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Presidents Message - November 2014

By Dr. Maureen Hunter

The Molecules of life

You can learn a lot about yourself by talking turkey with a lube chemist.

Interviewer: So what’s your favorite thing about Thanksgiving?
Lube Chemist: That it’s mostly about eating. A diet rich in the molecules of life makes me think about my job of formulating oils.

Interviewer: How so?
Lube Chemist: Well, biology’s not so different from my field of lubrication engineering. Of course, the simplest life form is far more complex than the most advanced product of any human technology. But lubricants, like life, are based on carbon. Lubes are primarily based on hydrocarbons; that is, compounds of carbon and hydrogen. Life is primarily based on carbohydrates, compounds of carbon, hydrogen and oxygen.

Interviewer: So you’re saying life and lubes are made of the same stuff?
Lube Chemist: Yes, the same building blocks. Life’s molecules are formed from just a few elements. Carbon, hydrogen and oxygen comprise more than 98 percent of life’s atoms. Next comes nitrogen and then phosphorus and then sulfur. It’s very similar to lubricants.

Interviewer: So let’s get back to Thanksgiving. You said it was all about eating.
Lube Chemist: It sure is, and who doesn’t like a state-sanctioned gorging event where you can chow down as many as 4,500 calories in one sitting? As humans we have 100 trillion cells, and we need to energize those cells. Four types of molecules perform the majority of chemical operations in cells: carbohydrates, lipids, proteins and nucleic acids. Carbohydrates contain lots of energy and play a key role in the metabolism of cells. Lipids, which include oils, fats and waxes, are characterized by their insolubility in water, which makes them ideally suited to forming cell membranes. It actually makes me think of rust preventives and eating turkey.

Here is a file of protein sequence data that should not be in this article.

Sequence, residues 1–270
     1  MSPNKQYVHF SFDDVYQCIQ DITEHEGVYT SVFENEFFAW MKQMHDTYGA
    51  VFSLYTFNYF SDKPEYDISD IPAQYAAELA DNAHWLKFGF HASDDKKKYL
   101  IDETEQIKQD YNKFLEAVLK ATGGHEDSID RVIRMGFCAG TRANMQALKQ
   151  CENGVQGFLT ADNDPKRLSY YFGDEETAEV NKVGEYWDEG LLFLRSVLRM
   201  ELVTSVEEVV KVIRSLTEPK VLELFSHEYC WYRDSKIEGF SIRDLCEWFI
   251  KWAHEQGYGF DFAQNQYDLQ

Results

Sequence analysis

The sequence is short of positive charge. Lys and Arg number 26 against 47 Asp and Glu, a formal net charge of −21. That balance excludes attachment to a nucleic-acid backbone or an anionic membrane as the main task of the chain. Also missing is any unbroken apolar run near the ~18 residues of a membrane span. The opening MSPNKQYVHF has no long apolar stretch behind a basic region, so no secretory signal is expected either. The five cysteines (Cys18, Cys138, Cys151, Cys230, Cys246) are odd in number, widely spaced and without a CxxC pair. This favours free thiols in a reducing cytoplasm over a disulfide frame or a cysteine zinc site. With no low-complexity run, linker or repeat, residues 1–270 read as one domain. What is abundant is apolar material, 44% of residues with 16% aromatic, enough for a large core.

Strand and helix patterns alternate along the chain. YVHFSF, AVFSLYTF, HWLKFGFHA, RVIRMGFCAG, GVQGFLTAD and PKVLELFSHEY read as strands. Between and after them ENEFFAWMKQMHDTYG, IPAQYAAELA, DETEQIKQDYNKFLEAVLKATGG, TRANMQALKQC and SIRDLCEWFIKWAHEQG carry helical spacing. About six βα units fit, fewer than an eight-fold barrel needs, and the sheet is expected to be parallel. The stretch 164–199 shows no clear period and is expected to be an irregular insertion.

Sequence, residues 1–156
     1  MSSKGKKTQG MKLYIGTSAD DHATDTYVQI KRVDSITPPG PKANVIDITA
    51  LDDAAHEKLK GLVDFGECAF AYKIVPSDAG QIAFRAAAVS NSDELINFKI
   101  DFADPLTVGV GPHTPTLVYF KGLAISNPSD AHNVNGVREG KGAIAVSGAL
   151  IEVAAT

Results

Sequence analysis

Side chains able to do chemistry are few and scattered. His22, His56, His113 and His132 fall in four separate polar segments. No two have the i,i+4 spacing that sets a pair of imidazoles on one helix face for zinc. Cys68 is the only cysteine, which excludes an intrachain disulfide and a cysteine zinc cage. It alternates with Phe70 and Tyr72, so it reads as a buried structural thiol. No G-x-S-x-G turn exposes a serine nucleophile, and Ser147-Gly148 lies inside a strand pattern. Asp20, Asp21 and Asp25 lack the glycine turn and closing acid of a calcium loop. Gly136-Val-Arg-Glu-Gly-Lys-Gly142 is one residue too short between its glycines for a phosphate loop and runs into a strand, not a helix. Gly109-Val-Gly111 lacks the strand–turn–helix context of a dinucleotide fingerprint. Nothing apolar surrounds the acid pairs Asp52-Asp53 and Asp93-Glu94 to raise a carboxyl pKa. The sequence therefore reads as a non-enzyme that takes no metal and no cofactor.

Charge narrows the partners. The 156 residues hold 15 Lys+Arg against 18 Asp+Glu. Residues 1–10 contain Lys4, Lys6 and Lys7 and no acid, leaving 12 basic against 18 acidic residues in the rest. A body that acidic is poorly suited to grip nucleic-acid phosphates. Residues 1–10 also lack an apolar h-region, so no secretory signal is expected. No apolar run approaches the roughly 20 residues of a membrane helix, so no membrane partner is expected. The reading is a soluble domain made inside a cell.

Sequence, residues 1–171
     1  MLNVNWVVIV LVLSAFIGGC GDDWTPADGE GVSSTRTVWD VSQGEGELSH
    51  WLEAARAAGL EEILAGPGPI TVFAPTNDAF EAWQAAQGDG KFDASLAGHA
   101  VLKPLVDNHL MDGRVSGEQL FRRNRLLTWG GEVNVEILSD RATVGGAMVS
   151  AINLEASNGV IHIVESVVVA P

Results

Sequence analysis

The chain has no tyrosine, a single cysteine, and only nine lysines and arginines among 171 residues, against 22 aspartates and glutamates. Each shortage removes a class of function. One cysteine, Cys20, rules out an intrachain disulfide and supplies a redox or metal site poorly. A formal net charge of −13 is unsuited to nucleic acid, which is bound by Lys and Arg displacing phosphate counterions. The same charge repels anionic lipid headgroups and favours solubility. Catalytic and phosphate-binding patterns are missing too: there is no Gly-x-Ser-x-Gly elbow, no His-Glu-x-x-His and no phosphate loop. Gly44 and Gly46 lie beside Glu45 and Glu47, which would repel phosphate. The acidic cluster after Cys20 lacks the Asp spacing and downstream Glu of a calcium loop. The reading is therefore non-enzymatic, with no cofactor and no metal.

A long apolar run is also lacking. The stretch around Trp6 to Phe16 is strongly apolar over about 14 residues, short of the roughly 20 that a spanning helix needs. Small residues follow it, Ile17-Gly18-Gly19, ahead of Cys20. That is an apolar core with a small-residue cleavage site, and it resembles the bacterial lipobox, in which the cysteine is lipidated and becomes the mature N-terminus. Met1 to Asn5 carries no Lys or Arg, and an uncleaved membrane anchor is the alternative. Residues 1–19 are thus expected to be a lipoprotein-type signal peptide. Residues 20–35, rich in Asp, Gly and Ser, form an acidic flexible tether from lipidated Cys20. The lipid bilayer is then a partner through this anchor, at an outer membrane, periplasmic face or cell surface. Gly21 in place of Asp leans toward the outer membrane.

Interviewer: What?
Lube Chemist: And lubes in general. Lipids are made of hydrocarbons with a few oxygen atoms. These are energy-storage molecules. Many lube oils are alkanes, carbons saturated with hydrogen. Simple lipids are very similar to this. They’re called fatty acids and have a hydrocarbon backbone from 4-36 carbon atoms. But at one end, instead of having a CH3 group like a lube oil, you have a COOH group. The COOH group is attracted to water, while the CH3 group is repelled by water. It makes for an interesting bipolar molecule—not unlike some of my in-laws who will be sitting around the Thanksgiving table (laughs).

Interviewer: That sounds interesting.
Lube Chemist: Yes, well, getting back to fatty acids, they provide building blocks for energy-storing fat cells. Fats cells are like tiny fuel-storage tanks filled with lipids, which is basically hydrocarbon energy. The energy content of lipids is actually very similar to that of fossil fuels.

Interviewer: And all this reminds you of eating turkey?
Lube Chemist: Lipids include oils and fats, and they’re the building blocks of cell membranes. All cells, including turkey cells, have cell membranes. I like all Thanksgiving foods—all those delicious carbohydrates and the proteins, too. That’s what my second helping of turkey is for.

Interviewer: So what do you usually do after Thanksgiving dinner?
Lube Chemist: After dinner you need a good beer during the football game. Fermentation is always another way of getting energy. It’s another form of metabolism—the incomplete reaction of an acid to alcohol in the absence of oxygen.

Interviewer: Do you ever exercise after Thanksgiving dinner?
Lube Chemist: Are you kidding? It’d take running a couple of marathons to burn off those 4,500 calories. After stuffing myself like a champ, I may put on my stretchy pants, but activity will just exhaust the supply of oxygen in my muscle cells. They’ll go into fermentation mode, form lactic acid and cause aching muscles. Beer is the only fermentation I want after dinner.

Interviewer: Any last comments?
Lube Chemist: Metabolism is how the body gains energy and atoms. Think about the atoms you eat on Thanksgiving Day. Atoms are just reused and recycled. Some of those atoms were once part of dinosaurs, fossil fuels, oils, turkeys and now part of you. It’s the history of life, and I’m thankful!

 

Maureen Hunter is the technical service manager for King Industries, Inc. in Norwalk, Conn.
You can reach him at mhunter
@kingindustries.com.

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